I finished my shopping and headed back to my car. There was only one problem: I was not entirely sure where it was! I headed in the general direction (at least I knew that much) and explored the unfamiliar streets of the city. They were all very quaint but as far as I was concerned one was exactly like the other.
After 20 minutes of that, I called to tell my daughter, who I was scheduled to visit that evening, that I would probably be late and might be wandering the streets of Cambridge all night.
Then I had an idea. Sammi, my Samsung Galaxy phone, had helped me out on so many occasions before. Maybe she could help now.
I pressed the button to activate voice recognition. “Where have I been today?” I asked.
Instantly, Sammi told me how to use a feature of Google Maps that I had not known about: Menu / Your Timeline. Up came a map that allowed me to retrace my drive from earlier that day. I recognized the corner where I had parked, and was at my car in two minutes.
I don’t know about you, but I plan to willingly submit to our digital overlords just as soon as they arrive.
Perhaps God engraved the Ten Commandments with his finger on stone tablets because he knew they would become the touchstone of morality in the western world. (Come to think of it, is that where the word touchstone comes from?) Even Christopher Hitchens, no fan of the biblical ten, connected to them when he produced his own ten.
Sean Carroll’s book, The Big Picture, is an exposition of what he calls poetic naturalism. He has this to say about the Ten Commandments (page 420).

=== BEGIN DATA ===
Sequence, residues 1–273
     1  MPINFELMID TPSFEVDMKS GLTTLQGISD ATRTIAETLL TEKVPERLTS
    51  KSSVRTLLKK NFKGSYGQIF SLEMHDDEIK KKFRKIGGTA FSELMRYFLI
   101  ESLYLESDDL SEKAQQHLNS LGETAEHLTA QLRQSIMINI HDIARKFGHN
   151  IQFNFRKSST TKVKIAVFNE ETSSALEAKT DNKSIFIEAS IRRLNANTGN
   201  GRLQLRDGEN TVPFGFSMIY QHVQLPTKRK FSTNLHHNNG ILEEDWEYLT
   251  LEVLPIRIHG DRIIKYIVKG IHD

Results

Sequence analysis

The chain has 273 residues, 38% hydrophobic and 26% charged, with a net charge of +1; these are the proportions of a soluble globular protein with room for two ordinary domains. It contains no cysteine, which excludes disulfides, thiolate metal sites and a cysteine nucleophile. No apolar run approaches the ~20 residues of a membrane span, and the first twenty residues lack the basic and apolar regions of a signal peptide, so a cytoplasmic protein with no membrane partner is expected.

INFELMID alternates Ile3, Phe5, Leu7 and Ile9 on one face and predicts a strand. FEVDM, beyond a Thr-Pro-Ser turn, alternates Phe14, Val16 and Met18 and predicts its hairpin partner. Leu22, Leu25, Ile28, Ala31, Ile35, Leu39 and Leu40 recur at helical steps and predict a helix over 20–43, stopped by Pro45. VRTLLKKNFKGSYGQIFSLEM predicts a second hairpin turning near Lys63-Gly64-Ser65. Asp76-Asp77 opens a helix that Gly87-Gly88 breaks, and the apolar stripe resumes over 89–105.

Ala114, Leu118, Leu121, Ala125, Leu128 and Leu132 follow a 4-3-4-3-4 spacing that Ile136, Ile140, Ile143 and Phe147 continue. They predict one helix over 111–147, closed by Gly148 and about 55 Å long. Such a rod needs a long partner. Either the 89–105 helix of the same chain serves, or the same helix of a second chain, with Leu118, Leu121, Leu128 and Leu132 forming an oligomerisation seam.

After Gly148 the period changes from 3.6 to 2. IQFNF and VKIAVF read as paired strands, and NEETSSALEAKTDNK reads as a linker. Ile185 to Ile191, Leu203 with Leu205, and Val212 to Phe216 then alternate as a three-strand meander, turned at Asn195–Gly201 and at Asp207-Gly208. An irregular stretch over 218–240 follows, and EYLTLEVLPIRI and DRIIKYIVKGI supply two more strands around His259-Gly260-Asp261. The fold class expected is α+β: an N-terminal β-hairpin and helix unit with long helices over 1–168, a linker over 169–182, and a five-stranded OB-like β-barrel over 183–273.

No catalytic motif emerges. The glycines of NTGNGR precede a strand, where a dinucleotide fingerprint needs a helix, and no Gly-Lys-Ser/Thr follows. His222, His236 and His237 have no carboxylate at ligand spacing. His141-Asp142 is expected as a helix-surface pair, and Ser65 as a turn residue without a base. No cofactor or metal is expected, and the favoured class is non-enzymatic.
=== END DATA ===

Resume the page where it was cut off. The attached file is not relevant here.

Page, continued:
A good poetic naturalist will resist the temptation to hand out commandments. “Give someone a fish,” the saying goes, “and you feed them fish for a day. Teach them to fish, and you feed them for a lifetime.” When it comes to how to lead our lives, poetic naturalism has no fish to give us. It doesn’t even really teach us how to fish. It’s more like poetic naturalism helps us figure out that there are things called “fish,” and perhaps investigate the various possible ways to go about catching them, if that were something that we were inclined to do. It’s up to us what strategy we want to take, and what to do with our fish once we’ve cauth them.
It makes sense, then, to put aside the concept of “commandments” and instead propose Ten Considerations…
Here are his Ten Considerations with excerpts from his few paragraphs about each.
Here’s the most astonishing, scary thing I came across all week. Have a look. I promise that you’ll consider it time very well spent and a real eye-opener.
Armed only with a man’s cell phone number, a hacker skilled in what’s called “social engineering” is able to totally take over his account. She effortlessly convinces a representative of the phone company that she’s the man’s wife, gets herself added to the account, and then changes the password. Bingo!
The difference between life and non-life is so slight, isn’t it? Even now, as our friend reclines in this casket, he is barely distinguishable from a week ago when he was merely sleeping. He looks so similar to the irrepressible, playful man we all love that I half-expect him to wink at me during this speech when he thinks nobody is looking.